Fohrer-sources behind the sources behind the Pentateuch

Georg Fohrer explained his own take on the sources for the Pentateuch in his Introduction to the Old Testament.  He asked what existed before J, E, P, or D.

Fohrer thought there must have been an old story about the patriarchs, the exodus, and the beginnings of the conquest which got passed on by mouth and then was written down. This existed before any of the sources that the Pentateuch draws upon existed. This story consisted of historical traditions about how Israel acquired its land. The original oral source, G1, did not include the Joseph story or the saga about Balaam. But G2, which became a written source, included both along with some other new material.

Also there existed independent collections of laws like the Covenant Code and parts of Leviticus and Deuteronomy. He thought that the Holiness Code in Leviticus 17 ff. was one of these early codes. (I have previously blogged about the view Knohl and Milgrom, that the Holiness Code is later.)

So these, along with some poems and other short pieces, is what the sources had to work with. The authors of the sources were both collectors and artistic composers. The combination of pulling together dissimilar stuff and having unique agendas gave the sources their irregularity and inconsistency. Sometimes they use the same material, but give it a different spin. These often got added together without harmonization in the five books as we know them.

The first source or stratum he considered is J, the Yahwist. In addition to the usual insights about J seeing God as near to humans and as faithful despite human attempts to shuck off his dominion, Fohrer saw J as favorable toward agricultural civilization even though he (or she, according to some writers) recognizes the temptations that go with it. This leads also to a favorable attitude toward national power and kingship in Israel.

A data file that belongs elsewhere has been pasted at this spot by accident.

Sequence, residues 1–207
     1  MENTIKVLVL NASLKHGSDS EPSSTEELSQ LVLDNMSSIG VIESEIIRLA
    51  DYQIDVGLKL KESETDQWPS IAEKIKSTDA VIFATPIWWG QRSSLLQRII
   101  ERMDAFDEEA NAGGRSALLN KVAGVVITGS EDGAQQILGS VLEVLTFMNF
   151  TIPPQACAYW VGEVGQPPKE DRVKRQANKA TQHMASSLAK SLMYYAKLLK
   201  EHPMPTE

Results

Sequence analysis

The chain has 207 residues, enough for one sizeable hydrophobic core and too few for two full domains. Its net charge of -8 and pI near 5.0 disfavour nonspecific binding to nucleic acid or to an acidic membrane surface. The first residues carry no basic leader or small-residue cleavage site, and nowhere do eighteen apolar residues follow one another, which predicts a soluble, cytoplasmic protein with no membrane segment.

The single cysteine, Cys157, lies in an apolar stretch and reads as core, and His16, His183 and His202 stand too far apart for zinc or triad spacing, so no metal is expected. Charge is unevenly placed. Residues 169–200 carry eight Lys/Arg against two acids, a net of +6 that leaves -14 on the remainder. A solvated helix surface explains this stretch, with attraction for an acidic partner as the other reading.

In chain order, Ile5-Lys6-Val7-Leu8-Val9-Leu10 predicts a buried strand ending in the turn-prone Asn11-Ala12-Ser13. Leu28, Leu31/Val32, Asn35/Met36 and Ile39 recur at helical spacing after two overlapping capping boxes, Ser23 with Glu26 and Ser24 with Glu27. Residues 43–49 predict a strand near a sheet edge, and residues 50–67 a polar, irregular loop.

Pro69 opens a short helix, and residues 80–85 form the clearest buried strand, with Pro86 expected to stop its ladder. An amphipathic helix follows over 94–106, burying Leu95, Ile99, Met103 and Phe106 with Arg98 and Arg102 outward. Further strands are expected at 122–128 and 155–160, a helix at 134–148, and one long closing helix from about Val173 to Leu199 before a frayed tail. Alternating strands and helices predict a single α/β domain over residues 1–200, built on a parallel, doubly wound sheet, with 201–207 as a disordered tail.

Fohrer believed that the Yahwist wrote in the royal court at Jerusalem in the second half of the 9th century B.C.E, perhaps during the time of King Amaziah.

Next, he considered E, the Elohist. He agreed that E is more ellusive than J, but defended the existence of E as a continuous story. E has a more prophetic approach than J. E often sees historical events as divine judgment on human sin. The story of the golden calf is distinct to E. It is told as a critique of government and priestly policy in Samaria. So, unlike J, E is not at all positive toward kingship.

This means that the setting of E is the Northern Kingdom. Fohrer saw E as influencing both Hosea and Deuteronomy. He dates it a little after J, perhaps during the rule of Jeroboam II in the North.

I am still having trouble seeing the basis for the existence of G2. But Fohrer claimed that J and E relied on G2, except for the parts of J that relied on another source. In my next post, I will get to what interested me about Fohrer. He argued for another source behind J, one that relied on G1.


About theoutwardquest

I have many interests, but will blog mostly about what I read in the fields of Bible and religion.
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